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What do Superman, the Apple maps program, and Jesus have in common?

I know, I know—I’m a little late on this one. But I was beyond civilization one way or another through most of last summer, so I missed it in the theaters and had to wait till it came out on DVD. Man of Steel. Loved it. (So glad they cast Russell Crowe and Kevin Costner as super dad and earth dad and not the other way around.) Despite some critics, I thought the character development of Kal was well done. (What does a boy with those powers do when he wants to keep from being seen as a freak?) By far the best line in the movie is this one: "One day you’re going to have to make a choice—you have to decide what kind of man you want to grow up to be because that man, good character or bad, he’s gonna change the world."

This isn't a movie review. This is about something else, like, Why does that line resonate with something deep in the soul of every man who hears it? And, What is with our continual fascination over the battle of good and evil?

Have you noticed? Man of Steel was the fourth top-grossing film of 2013. Iron Man 3 was number 1; Star Trek: Into Darkness was also in the top ten. The Desolation of Smaug and Thor: The Dark World came in at 11 and 12. We know what makes for a gripping movie; you can't tell a good story without the battle of good and evil. What baffles me is this: why doesn't that clarity transfer into our own lives? The worldviews most people cling to are less reliable (and more dangerous) than the Apple Maps program.

The frickin’ thing got me lost again last week, took me down an obscure side road, and dumped me in the main loading lot of a concrete company. My destination was another mile away—across a body of open water. Honestly, the program is dangerous. So much so that the Victoria, Australia police labeled it “life-threatening” after rescuing numerous motorists endangered by it.

Now, the boys over at Apple have proved themselves a particularly clever bunch. So how in heaven’s name did they bungle this one so badly? Seriously—to bring forth a piece of technology posing as your basic tool for orientation that could actually get you lost or killed? (Several times it has directed me to drive through rivers. I refrained.) But this isn't a tirade on the program, either (tempting as that is). It is about the frustration, exasperation, and dangers of disorientation. Nobody likes getting lost. Especially when that “lost” has to do with your life. Yet the “programs” most people use to navigate their life are at least as unreliable at the Apple Maps debacle.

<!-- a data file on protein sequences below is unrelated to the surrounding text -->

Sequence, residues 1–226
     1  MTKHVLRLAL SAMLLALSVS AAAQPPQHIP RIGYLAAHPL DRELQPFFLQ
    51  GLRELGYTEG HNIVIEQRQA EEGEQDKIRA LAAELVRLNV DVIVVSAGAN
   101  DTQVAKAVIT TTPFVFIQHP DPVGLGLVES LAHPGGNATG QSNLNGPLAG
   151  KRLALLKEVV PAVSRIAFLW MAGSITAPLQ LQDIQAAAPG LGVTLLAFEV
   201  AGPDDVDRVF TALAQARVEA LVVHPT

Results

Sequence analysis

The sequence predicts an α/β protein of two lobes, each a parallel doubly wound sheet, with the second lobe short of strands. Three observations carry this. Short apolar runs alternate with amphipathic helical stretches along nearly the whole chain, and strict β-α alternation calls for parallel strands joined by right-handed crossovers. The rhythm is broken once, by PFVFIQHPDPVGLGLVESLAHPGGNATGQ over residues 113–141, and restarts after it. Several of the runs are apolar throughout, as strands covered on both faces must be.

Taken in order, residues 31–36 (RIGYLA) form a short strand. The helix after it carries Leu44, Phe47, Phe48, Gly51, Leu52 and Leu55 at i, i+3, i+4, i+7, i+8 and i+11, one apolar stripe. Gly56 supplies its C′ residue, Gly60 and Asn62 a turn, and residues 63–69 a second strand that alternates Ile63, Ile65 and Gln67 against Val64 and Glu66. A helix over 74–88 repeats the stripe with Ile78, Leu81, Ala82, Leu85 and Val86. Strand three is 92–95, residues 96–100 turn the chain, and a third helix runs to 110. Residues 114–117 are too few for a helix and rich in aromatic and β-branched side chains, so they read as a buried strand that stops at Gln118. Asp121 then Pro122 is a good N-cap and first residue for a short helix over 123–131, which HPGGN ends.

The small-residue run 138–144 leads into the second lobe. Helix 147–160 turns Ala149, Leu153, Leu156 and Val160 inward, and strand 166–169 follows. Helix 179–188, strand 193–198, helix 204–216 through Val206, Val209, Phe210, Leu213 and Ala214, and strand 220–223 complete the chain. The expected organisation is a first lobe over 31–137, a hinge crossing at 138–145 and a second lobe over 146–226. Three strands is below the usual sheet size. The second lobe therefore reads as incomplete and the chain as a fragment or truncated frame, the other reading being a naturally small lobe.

Which brings me back to Man of Steel.

The top-grossing films of every decade share something in common—the battle of good and evil. This is so basic to human instinct and understanding that you can't tell a good story without it. So why do we keep it tucked away in our stories and not let it actually inform our lives? The latest round of school shootings. The terrorist bombings. Hundreds of thousands of young girls disappearing each year into the dungeons of the sex trade. What is it going to take to convince us that the battle is very real?

Enter Jesus of Nazareth—a man frequently misinterpreted as the poster child for tranquility, when in fact his actual teachings are urgent warnings for navigating your life, the first one being this: You live in a dangerous world. Evil is out to destroy you. Live like it.

I think most folks unfamiliar with the man’s actual teaching and actions will be surprised to read this: “Your enemy comes only to steal, kill and destroy you” (John 10:10). And this: “Do not suppose that I have come to bring peace to the earth. I did not come to bring peace, but a sword” (Matthew 10:34). And I’ve never heard a Sunday School class on this one: “If you don’t have a sword, sell your cloak and buy one” (Luke 22:36). He knows what we are up against.

Most men love movies like Man of Steel (somebody is putting them at the top of the charts, and it isn’t teenage girls). But they go on to live their actual days with a staggering naïveté that the Son of God himself warned against. So let me offer two essentials for navigating your life in this world:

1. You have been dropped into the middle of a terrible battle. Planet wide. All those Hollywood depictions of the great battle of good and evil pale in comparison to the real thing.

2. You are a warrior. That’s why you are here.

The shift from boy to man includes a sober willingness to accept the reality of the world as it is. Growing up means no more childish naïveté. "This is war; I am a warrior," is something we ought to be repeating to ourselves daily. You see—there is a choice to be made, about what kind of man you want to grow up to be. Because that man might just change the world.